- Secretary of Education visits LPS – For more information: Steve Joel, firstname.lastname@example.org
Lincoln Public Schools Science Focus Program students offered a few lessons in quality education last week to U.S. Secretary of Education Betsy DeVos on her visit to the Zoo School. DeVos spent about two hours at the school, an LPS focus program located at the Lincoln Children’s Zoo, visiting classrooms and talking with students and teachers.
LPS Superintendent Steve Joel kicked off her visit to the Zoo School with an overview of the school district and the many choices offered to LPS students. He noted that DeVos’ visit to the Zoo School was a great opportunity to showcase one of the many quality public education options offered in Lincoln and throughout the state. “Choice is alive and well in Lincoln Public Schools, as well as the state of Nebraska,” he said. “And none of this is possible if we didn’t live in a community and a state where people value public education and they roll up their sleeves to support it.”
DeVos said she appreciated the opportunity to talk to students and hear from them about what makes Zoo School special. “Schools here in Lincoln are a good example of how they can meet students’ needs and do things differently,” DeVos said.
For more information: https://www.lps.org/post/detail.cfm?id=12163
2. Moore dedication Sunday, Sept. 24 – For more information: Mary Kay Roth, email@example.com
The dedication for Marilyn Moore Middle School is set for 2 p.m. Sunday, Sept. 24 at Moore, 8700 Yankee Woods Dr. The dedication includes a 2 p.m. program followed by tours and refreshments.
3. Emergency LPS exercise– For more information: Joe Wright, firstname.lastname@example.org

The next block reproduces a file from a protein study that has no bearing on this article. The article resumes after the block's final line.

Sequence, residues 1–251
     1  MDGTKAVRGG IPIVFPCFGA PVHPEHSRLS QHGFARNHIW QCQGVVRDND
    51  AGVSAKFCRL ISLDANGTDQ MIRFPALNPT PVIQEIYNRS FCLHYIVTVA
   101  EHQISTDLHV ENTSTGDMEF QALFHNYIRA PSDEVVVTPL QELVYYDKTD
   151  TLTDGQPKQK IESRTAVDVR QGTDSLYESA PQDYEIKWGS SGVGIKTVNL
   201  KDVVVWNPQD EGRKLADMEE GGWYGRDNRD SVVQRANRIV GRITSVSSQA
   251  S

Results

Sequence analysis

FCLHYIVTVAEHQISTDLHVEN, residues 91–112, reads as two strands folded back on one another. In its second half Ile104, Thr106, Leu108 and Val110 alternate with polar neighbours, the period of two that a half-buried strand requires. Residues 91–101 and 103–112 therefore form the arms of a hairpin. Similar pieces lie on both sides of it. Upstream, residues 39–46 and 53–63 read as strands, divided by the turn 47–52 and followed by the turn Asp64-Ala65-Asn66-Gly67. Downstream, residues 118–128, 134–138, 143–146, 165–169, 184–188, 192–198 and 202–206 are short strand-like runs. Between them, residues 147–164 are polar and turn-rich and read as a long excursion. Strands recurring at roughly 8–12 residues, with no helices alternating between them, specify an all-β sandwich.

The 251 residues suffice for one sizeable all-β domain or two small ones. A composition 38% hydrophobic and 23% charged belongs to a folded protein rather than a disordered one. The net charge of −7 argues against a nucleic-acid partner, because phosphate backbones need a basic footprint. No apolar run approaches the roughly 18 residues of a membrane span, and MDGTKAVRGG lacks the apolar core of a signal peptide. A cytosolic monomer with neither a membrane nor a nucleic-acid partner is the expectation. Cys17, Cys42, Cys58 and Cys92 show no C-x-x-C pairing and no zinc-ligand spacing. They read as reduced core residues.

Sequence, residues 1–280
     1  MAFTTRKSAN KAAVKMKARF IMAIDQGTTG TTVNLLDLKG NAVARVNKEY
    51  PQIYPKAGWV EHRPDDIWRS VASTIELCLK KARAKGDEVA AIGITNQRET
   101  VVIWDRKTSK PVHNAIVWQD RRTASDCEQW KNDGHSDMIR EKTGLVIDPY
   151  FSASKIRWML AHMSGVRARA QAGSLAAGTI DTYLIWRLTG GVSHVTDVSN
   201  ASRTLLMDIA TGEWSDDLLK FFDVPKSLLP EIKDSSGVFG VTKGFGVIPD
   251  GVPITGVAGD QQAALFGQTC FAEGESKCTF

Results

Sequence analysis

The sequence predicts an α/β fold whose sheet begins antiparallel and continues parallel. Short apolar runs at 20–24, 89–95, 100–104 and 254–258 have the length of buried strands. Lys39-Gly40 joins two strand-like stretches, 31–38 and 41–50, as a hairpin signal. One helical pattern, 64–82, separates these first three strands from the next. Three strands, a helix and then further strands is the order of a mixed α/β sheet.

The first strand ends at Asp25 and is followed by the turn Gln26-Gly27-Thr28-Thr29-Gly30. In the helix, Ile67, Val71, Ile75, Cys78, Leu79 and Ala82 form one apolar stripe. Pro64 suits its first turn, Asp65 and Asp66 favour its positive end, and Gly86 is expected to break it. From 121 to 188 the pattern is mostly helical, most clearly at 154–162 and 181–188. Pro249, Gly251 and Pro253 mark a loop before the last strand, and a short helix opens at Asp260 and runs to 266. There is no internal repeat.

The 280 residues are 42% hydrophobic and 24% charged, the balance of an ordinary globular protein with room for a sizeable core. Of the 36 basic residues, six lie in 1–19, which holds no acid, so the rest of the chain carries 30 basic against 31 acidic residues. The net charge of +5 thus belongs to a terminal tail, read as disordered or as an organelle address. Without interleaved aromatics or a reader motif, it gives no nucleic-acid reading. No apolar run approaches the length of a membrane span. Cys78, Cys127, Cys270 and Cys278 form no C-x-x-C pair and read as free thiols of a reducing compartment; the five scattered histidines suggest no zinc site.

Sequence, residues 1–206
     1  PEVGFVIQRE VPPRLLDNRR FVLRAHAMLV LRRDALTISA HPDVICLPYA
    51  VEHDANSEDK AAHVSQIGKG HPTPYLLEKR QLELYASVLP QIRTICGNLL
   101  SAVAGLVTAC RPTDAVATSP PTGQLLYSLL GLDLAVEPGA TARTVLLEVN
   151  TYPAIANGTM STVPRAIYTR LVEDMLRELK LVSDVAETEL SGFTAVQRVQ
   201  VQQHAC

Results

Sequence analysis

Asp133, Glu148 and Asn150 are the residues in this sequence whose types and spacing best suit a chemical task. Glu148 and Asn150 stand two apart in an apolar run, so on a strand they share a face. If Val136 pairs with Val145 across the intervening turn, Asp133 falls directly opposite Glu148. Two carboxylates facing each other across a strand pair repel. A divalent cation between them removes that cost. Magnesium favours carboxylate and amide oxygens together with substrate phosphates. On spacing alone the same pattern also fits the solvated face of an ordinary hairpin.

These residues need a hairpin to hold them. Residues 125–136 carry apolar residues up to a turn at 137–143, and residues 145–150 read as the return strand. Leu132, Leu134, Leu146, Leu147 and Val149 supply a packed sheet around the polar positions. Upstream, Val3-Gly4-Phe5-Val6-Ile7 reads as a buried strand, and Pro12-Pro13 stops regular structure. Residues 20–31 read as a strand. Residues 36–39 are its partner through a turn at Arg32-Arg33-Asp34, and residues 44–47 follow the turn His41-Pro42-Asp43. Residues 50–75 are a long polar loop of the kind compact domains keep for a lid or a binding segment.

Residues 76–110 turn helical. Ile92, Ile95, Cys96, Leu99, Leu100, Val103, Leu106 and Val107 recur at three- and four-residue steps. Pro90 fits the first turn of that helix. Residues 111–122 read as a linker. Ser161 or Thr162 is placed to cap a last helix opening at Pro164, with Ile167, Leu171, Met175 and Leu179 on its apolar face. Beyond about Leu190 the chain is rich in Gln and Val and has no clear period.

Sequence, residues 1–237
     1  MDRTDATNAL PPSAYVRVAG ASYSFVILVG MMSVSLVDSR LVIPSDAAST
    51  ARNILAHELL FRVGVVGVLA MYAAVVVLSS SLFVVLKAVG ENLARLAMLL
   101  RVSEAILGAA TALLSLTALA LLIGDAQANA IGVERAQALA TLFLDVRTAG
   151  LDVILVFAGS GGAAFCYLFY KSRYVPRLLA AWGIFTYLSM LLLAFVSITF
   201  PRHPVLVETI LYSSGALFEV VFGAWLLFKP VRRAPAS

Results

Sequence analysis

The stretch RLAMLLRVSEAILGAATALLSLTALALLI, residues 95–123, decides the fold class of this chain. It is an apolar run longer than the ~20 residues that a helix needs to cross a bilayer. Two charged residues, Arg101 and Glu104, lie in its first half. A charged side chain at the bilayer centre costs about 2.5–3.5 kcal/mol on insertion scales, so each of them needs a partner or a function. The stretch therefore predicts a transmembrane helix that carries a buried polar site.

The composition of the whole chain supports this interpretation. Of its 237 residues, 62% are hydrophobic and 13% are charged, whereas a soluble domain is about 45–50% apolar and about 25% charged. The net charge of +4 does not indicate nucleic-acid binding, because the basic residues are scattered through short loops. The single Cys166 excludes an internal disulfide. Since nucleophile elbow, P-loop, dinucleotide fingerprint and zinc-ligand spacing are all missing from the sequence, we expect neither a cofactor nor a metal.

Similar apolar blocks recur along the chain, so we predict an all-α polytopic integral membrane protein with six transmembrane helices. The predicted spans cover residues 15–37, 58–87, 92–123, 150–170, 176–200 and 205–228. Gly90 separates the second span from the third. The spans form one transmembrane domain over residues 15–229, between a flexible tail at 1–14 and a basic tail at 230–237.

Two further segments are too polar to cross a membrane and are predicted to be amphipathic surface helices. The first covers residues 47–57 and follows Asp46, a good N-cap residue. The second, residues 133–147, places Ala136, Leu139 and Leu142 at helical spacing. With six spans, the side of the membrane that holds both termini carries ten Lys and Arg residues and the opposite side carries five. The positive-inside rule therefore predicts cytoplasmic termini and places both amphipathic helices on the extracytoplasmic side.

Lincoln Public Schools staged an emergency exercise last week that focused on the process after the evacuation of a school, when parents would need to pick up their children at a safe, alternative site – a mock emergency that involved more than 100 Randolph Elementary School students bused to Lincoln Southwest High School. Southwest, due to its size, design and security features, is where all elementary and middle schools would relocate during a serious emergency.
The exercise was part of the district’s continuous efforts to plan for the unexpected and ensure the safety of its students, said LPS Director of Security Joseph Wright. All LPS schools have evacuation plans in place, but Friday’s exercise took those plans one step further – to the “reunification” phase.. “What we’d like parents to know is that we’re looking closely at this process and that we have a plan in place to handle a serious situation,” said Joe Wright, security director for LPS.
For more info: https://www.lps.org/post/detail.cfm?id=12167
4. September Learning Lunch – For more information: Mary Kay Roth email@example.com
The Lincoln Public Schools September Learning Lunch will feature the video, “Seeds of Hope,” created by Nebraska Loves Public Schools. The Learning Lunch is set for 12:15 p.m. Tuesday, Sept. 26, in the Board Room. Special guest is Oscar Pohirieth, LPS Cultural Specialist and Coordinator for the Bilingual Liaison Program. Doors to the Board Room open at noon, the program begins at 12:15 p.m., questions-and-answers happen at 12:45 p.m. Please bring your own lunch – we’ll provide dessert.
5. ACT reflect all LPS juniors taking free test – For more information: Jane Stavem, firstname.lastname@example.org
ACT scores for Lincoln Public Schools continued consistent and solid – with results in light of the sixth year in which all LPS high school juniors now take the college-ready test for free. “We are testing so many more kids who are taking the ACT, and we are more inclusive than ever before – so holding steady indicates we are doing well,” said Leslie Eastman, director of Assessment and Evaluation for LPS.
As LPS student enrollment increases, more high school juniors take the test every year – a record 2,409 took the test last year – while the composite test score remaininy steady. Before the pilot program began, only about 65 percent of LPS graduates took the ACT, but now virtually 100 percent take the test, one of the most common standardized college entrance examinations, Eastman said.